As Figgis manages to escape with the money, Lana, who reveals herself a treasury agent, teams up with Trinette and Cecil to go after both Archer and the policemen, all of them going to Trexler’s house. What they weren’t counting on meeting there was a revenge-stricken Dutch. Using his robotic strength and invulnerability, he sort of creates an homage to “The Last Supper” built off Trexler’s henchmen, all of them maimed and impaled — it’s a strong and incredibly gory image to close episode 6.

Day 5

Somehow, everyone successfully escapes Dutch’s rage and head over to Dreamland because Trexler tells Archer that Mother was the one who killed Woodhouse. When asked about it, Mother denies her involvement and accuses Trexler of lying.

Dutch arrives at the scene serendipitously — he needed to take a shot of a solution created by Krieger to keep him from dying — and more hell breaks loose. Neither Archer nor Mother’s henchman Zirk is able to stop the murderous robot; however, the murderous robot hounds which Krieger had created during his time in Germany do the trick and break his neck.

After Dutch’s demise, things seem to be calming down — he actually ended up confessing to killing Woodhouse on a whim —, but Lana’s cover as a treasure agent is blown. Mother gets pissed and accidentally shoots her six times (well, one time only as the other five were on Poovey trying to control the gun’s hair trigger). The singer takes her last breath while being held by Archer, who storms out of Dreamland.

In its closing moments, Archer, who hadn’t slept in five days and was on a drug abuse bender (Codeine and Dexedrine, supplied by Charlotte to keep him going through the week’s shenanigans), says goodbye to Woodhouse’s grave. Poovey arrives home to find the Chinese ladies gone with a farewell note and breaks down in tears.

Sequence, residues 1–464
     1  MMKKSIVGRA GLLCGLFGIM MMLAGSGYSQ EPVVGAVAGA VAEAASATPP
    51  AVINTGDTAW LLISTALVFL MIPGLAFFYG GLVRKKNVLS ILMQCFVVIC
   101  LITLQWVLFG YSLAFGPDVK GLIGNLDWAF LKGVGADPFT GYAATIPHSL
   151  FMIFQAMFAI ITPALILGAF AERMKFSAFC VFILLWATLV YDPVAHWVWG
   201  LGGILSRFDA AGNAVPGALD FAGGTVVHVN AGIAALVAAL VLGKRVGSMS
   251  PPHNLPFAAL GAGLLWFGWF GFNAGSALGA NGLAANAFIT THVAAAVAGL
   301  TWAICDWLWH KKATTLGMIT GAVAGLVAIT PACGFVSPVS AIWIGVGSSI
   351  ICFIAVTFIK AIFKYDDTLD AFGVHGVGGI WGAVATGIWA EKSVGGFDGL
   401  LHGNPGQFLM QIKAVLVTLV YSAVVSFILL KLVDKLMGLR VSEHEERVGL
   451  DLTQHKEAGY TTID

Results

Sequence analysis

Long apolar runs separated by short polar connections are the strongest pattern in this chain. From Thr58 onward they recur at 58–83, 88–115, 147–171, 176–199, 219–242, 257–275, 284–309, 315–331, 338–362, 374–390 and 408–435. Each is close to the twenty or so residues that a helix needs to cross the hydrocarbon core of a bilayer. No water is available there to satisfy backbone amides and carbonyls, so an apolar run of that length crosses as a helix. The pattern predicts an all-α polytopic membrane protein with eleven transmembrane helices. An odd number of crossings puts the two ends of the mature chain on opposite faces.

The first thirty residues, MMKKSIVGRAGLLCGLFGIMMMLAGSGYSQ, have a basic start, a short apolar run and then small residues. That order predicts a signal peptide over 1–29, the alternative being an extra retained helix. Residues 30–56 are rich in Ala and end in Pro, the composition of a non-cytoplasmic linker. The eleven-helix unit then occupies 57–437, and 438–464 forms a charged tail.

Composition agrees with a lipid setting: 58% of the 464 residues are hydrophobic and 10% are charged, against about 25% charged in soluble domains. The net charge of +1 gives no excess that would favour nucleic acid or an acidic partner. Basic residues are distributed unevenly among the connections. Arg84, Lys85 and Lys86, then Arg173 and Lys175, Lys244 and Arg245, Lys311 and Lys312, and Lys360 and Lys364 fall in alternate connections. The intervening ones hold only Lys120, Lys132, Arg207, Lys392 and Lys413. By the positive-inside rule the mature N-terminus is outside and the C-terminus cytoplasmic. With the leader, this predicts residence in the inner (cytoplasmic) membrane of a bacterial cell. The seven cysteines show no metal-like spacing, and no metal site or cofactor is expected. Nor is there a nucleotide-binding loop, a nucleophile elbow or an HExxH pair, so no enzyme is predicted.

Review

Archer has always been known for its tongue-in-cheek and clever dialogue and quite possibly a hundred running gags throughout seven seasons, so obviously we would expect not only callbacks but also entirely new ongoing jokes. The clearest example turned out to be any of the characters saying “So… uh… what are we doing? Are we just jumping right into this?” (or trying to say it before they get interrupted) at the beginning of every episode starting with the second one. This phrase both suited each scene in which it was employed and served as a fun nod to how every episode started exactly where the previous had ended, further promoting the idea of a movie-like-experience instead of the previous “case-of-the-week” format.

One might also cite Poovey’s continuous delusion regarding the Chinese ladies he ended up taking home. Creator of the show Adam Reed stated in an interview that he considered Poovey’s quick attachment to the characters the heart of the season and, thus, they decided on his heartbreak as the closing scene.

Speaking of Poovey and the Chinese ladies, there is obviously some things that deserve to be said. First, there is more than one angle on how Pamela Poovey, a character who identifies as female in Archer, was transformed into ‘Poovey’, a seemingly male police officer. You can work on the angle that, in 1947, there may not have been a space for female police officers and/or detectives (which is not the case given Alice Stebbins Wells was appointed in 1910, in Los Angeles in fact, as the US’s first policewoman with arrest powers). One can also wonder if this is a callback to how, despite being a confident and proud bisexual woman, she is sometimes taken as a “masculine” character to the point of Malory Archer even thinking that she is a man.